Plants In The Bathroom
A plant display in the bathroom is much more likely to be seen in a magazine than in the home, but with a little thought plants can always be used here to add a touch of interest or even luxury.
It is strange that so few bathrooms contain house plants. A warm bathroom with a large frosted-glass window is perhaps the best room in the house for the beautiful varieties which have come to us from humid habitats. In addition few other locations in the house need the softness and greenness of plants to reduce the hardness of their surfaces.
The problem bathroom is the small one – unheated in winter and with a tiny window of frosted glass. The answer is to choose a tough, glossy-leaved foliage variety such as Philodendron scandens (often called ‘the bathroom plant’ in the U.S.), Cissus antarctica or Scindapsus aureus. There is no floor space available, so put the pot on the windowsill or in a wall-mounted pot holder. A hanging basket over the bath is sometimes recommended, as the basket is provided with a ready-made if oversized drip-tray below.
In a larger bathroom with a decent-sized window you have a much greater choice of plants and display types. A specimen plant such as a Palm, Boston Fern or Weeping Fig can transform the appearance of the bathroom. Alternatively you can create a plant window or little indoor garden filled with Asparagus, Ivies, Heptapleurum, Syngonium, Fern etc. Bath surrounds are usually too narrow to support plant pots – this precarious placing is best avoided, especially if there are children around.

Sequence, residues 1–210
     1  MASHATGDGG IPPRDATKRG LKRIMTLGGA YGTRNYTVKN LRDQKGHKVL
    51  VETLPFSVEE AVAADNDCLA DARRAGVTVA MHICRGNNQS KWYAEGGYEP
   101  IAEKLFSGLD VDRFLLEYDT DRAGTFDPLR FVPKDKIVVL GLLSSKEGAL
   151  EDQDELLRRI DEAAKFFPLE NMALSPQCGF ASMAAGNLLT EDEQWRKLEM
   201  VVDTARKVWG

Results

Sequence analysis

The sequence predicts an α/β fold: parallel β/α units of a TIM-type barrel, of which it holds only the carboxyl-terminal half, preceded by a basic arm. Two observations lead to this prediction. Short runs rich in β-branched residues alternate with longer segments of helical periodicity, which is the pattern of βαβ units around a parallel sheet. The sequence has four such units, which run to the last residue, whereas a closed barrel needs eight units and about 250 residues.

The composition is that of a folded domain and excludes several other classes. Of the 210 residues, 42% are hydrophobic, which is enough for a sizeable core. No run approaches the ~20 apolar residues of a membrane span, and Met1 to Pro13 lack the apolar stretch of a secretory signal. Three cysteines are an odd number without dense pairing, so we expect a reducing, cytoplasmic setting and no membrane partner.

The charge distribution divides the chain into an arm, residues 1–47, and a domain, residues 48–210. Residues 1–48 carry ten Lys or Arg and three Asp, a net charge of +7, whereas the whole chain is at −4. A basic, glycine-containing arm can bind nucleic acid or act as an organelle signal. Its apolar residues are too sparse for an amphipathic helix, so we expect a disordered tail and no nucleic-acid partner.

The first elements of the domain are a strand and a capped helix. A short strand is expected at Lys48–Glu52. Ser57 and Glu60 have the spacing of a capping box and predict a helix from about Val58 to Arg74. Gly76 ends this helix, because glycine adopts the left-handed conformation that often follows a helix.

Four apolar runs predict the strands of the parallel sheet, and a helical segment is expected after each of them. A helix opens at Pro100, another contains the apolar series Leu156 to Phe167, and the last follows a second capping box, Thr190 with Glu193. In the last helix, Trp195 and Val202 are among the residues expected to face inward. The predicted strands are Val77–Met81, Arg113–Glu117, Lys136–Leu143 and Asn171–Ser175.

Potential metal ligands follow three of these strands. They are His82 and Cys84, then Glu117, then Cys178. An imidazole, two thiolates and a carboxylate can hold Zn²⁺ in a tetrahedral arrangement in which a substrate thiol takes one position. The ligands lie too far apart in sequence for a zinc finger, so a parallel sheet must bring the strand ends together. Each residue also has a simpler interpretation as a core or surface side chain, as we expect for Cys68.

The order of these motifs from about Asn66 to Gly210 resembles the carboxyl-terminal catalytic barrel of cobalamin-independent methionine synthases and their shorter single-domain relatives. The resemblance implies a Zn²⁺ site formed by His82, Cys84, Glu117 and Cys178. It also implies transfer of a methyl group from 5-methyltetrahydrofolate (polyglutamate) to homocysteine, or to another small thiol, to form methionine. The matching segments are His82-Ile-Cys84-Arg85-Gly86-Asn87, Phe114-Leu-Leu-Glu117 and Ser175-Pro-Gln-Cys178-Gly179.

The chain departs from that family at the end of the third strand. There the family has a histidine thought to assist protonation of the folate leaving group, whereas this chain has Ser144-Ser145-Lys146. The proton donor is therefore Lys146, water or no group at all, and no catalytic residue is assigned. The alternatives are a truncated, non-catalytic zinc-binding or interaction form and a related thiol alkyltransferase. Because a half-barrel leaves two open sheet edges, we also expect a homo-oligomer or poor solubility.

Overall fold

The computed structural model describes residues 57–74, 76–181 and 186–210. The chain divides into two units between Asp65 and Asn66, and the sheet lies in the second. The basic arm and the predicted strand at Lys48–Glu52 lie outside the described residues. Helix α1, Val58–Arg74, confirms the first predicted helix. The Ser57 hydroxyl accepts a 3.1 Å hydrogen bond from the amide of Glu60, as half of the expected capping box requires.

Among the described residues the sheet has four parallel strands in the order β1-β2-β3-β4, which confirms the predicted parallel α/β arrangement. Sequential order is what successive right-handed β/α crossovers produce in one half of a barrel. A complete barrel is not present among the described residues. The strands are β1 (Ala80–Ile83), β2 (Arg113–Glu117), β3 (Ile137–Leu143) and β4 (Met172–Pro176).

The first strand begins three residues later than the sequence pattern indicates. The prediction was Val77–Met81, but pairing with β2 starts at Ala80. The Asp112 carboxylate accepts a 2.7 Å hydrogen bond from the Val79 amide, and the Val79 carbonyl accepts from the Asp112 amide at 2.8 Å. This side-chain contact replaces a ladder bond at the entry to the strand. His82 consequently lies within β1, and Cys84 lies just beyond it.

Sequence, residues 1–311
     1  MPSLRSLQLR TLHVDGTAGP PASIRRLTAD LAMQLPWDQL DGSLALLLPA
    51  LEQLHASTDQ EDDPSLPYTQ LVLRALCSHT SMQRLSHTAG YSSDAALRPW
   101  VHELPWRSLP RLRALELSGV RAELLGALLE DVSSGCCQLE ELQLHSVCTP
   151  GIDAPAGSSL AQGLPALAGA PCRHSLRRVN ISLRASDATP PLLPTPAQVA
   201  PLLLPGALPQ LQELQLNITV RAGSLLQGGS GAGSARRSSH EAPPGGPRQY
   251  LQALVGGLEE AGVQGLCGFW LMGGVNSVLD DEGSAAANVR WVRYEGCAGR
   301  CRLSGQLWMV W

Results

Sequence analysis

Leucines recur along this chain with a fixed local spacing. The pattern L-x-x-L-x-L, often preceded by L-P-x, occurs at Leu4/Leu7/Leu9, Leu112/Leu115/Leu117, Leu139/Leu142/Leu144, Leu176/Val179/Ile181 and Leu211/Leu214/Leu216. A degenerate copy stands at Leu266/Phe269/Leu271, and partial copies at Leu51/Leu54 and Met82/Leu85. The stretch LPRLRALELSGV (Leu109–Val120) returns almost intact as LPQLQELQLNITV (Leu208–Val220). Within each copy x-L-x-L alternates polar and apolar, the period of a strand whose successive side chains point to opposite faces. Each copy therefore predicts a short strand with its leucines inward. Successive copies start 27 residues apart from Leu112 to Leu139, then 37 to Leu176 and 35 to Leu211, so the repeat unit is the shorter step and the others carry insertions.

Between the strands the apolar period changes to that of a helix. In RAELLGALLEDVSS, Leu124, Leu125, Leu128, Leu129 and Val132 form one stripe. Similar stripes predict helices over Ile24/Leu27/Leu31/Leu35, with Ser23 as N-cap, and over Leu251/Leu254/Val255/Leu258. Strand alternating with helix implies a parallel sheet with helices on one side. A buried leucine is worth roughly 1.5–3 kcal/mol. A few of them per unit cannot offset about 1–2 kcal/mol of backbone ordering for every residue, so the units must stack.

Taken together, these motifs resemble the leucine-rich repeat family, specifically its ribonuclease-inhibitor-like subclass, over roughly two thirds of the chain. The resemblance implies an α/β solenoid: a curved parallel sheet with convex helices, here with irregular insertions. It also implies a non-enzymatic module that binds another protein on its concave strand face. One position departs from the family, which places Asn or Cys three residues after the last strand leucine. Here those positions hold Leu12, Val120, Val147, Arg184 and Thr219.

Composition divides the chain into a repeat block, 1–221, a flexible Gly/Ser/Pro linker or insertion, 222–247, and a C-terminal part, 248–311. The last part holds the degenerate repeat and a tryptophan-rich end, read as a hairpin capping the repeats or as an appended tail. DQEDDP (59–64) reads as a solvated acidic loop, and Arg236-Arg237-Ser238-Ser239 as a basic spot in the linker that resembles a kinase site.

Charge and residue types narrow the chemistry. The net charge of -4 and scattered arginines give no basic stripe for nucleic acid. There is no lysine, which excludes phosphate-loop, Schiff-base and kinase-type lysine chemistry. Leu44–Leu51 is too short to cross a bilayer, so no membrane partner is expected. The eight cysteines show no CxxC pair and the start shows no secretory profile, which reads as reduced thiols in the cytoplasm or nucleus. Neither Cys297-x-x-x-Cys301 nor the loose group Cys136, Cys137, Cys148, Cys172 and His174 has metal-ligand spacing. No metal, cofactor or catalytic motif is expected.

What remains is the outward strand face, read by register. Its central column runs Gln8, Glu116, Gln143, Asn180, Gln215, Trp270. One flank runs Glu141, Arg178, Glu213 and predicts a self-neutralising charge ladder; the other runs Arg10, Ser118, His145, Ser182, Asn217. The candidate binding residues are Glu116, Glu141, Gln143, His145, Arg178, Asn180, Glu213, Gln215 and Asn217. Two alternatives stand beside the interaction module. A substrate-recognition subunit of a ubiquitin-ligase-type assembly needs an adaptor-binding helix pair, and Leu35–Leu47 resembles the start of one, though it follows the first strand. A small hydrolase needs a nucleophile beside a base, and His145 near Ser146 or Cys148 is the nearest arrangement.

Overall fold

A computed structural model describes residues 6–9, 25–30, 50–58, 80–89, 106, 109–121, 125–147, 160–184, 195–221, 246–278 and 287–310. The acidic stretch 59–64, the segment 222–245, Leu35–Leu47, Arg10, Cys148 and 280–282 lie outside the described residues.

The large, well-lit bathroom really comes into its own when it is centrally heated. It then becomes the best room in the house for the cultivation of colorful exotics – Anthurium, Calathea, Caladium, Maranta, Cymbidium and so on. Bromeliads will flourish here and so will all moisture-loving plants. You might be tempted to create a tropical jungle, but do make sure that such a scheme meets with the approval of the rest of the family.
Bathroom plant care
Misting should not be necessary if the room is in regular use but the leaves will need sponging at fairly frequent intervals – talcum powder and hair lacquer aerosols are pore-blocking agents. Choose pot holders with care – wicker-work is ideal for a Victorian bathroom but for ultra-modern settings a metal or plastic one may be better.